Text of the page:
and One-Way Vehicle Travel" pictured above.  This time the plan actually removes a car-travel lane for the benefit of all other road users. 

  • Wow – I remember going to those hearings in Pasadena City Hall. In fact, I’ve still got city council footage sitting on my hard drive of those meetings. There were a lot of pissed off bike riders, and it’s good to see that something productive is peeking its head out of what was initially a very one-sided and poorly thought out plan to prohibit cyclists from riding ’round the Rose Bowl.

    Hats off to those who worked hard to get things to this point. I like the widened pedestrian walkway and the removal of two-way car traffic. The real hazard at the Rose Bowl is the multi-ton vehicles blazing through the area – not people riding bikes and certainly not normal folks out for a healthy evening stroll.

  • angle

    I’m not actually familiar with the loop in question, but I’m wondering why motor vehicles would need two lanes in opposing directions, since even when traveling at a fairly low speed it would only take them a few minutes to “commute” around the entire loop.

  • As I recall the problem with bicycles cited by the council was collisions with pedestrians and not a conflict with automobiles. I ride and run the loop frequently and have never noticed a real problem with cars (except maybe when they try to park in the middle of the pedestrian zone). The real problem is that many of the pedestrians will walk right in front of bicycles or cars because they are not looking where they are going and they are not aware of their surroundings because they are using iPods. The so called “buffer zone” has just made this worse because many pedestrians just feel this is an extension of the pedestrian zone and many cyclists think it is a bike lane. None of the proposed solutions addresses this critical issue.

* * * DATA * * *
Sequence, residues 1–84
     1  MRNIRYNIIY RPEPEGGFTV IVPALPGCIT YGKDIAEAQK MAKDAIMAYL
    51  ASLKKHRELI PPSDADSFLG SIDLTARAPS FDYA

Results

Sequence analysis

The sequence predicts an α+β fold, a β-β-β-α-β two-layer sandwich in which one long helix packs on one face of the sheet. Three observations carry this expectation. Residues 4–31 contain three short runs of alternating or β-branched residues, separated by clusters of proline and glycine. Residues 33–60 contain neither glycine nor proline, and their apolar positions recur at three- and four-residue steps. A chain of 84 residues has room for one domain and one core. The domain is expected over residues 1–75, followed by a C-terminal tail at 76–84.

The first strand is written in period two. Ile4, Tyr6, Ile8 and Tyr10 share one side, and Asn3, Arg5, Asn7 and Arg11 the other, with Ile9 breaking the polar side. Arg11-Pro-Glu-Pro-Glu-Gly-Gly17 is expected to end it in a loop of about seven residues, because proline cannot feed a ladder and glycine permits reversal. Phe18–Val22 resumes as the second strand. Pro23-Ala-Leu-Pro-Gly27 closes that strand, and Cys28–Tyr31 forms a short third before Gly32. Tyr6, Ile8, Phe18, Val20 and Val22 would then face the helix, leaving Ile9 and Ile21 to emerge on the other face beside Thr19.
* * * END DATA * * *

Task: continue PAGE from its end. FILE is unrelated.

If pedestrians are going to be allowed to walk in the same direction as vehicular traffic then there should be some sort of physical barrier between the pedestrians and vehicles so that pedestrians don’t walk out in front of bikes or cars. Simple “flexible delineator posts” won’t stop a walker with a stroller moving out into traffic to pass someone.

    Another possible solution is to paint a stripe down the center of the pedestrian zone and add indicators showing that the outside lane goes against vehicular traffic. People can then go with traffic if they want to but it would be on the inside lane away from bikes and cars. I have my doubts that people would follow this since people prefer the flatter asphalt on the outside, but it would be worth a try.

  • Spokker

    Bikes rule!!!

  • I think that the upgrades suggested by city staff address your concerns Paulie.

  • Spokker

    God I love bikes. It’s great when everybody comes together as one.

    http://www.youtube.com/watch?v=zXvqwva-ChQ

    When they blocked the intersection I really felt like LA was coming together to embrace cycling as a serious commuting option. I really wish the city just did away with signals altogether. Clearly they are not needed in LA Biking Utopia! Silly transportation planners.